Experts offered good news, as rates of new diabetes are surprisingly in decline, which means that some measures are indeed working. Be it campaigns, doctor recommendations, or the numerous ads discouraging overconsumption of sugar, something is doing the trick.
According to data released by the Centers for Disease Control and Prevention (CDC), for the first time in 25 years, rates of diabetes are seeing a sustained decline among Americans. The drop is of about 20%, which while it may not seem like much, it’s still an improvement. Anything that would hint toward a possible solution to a dire situation is welcome news.
From the 1.73 million cases of diabetes diagnosed in 2009, the numbers dropped down to 1.43 million in 2014. That means that the rates of new diabetes has dropped by 300,000 in 5 years, and has been more prevalent in certain groups of people. For examples, whites have shown a more significant decline. While Hispanics and African-Americans have seen a slight drop themselves, the statistics were not relevant enough to indicate a stable improvement.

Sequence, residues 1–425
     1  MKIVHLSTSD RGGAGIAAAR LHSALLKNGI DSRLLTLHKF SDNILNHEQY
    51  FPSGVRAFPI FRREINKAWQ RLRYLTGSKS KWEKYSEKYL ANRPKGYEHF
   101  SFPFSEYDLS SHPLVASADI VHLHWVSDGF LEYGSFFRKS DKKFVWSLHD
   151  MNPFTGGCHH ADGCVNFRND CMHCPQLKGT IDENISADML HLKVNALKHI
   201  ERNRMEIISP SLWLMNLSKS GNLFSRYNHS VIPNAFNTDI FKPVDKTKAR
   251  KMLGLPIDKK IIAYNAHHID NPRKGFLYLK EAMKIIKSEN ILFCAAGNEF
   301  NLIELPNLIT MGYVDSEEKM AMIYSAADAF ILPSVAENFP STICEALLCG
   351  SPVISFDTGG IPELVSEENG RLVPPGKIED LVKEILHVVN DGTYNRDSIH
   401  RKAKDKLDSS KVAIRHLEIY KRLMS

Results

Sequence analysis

The rates have also seen a more pronounced decline in men, and young to middle-aged adults. Those with higher education saw to more significant improvements in comparison to those with a lower education. Though even in case of people who did not advance their academic achievements beyond high school, rates of new diabetes also flattened.
Overall, it seems that since the 1990s, when there was a spike in cases of diabetes, the numbers are finally seeing a hopeful drop. Even child obesity rates have managed to halt and stabilize at 17%. However, according to Dr. David Nathan, from the Diabetes Center and CRT, it’s not the time to “have a parade”. No confetti just yet because there are still a tremendous amount of cases existent.
The rates may have gone down, but 11% of the entire American population between the ages of 20 and 79 years old live with diabetes as of December 1st, 2014. It is indeed surprising that the numbers have seen a decline, but it’s not reason to lose all the progress. Campaigns prompting people to exercise regularly and move away from a sedentary life are still necessary.
The population should continue to maintain healthy food pallets, and try to limit their intake of sugary beverages. The storm has not passed yet, even if it may seem like the clouds have broken apart a little bit.
Reportedly, there are around 86 million people in the United States who live with pre-diabetes, and just 1 in 10 of them are aware of it. Prevention and encouragement is still necessary in order to make sure that the rates will continue to decline in the future.
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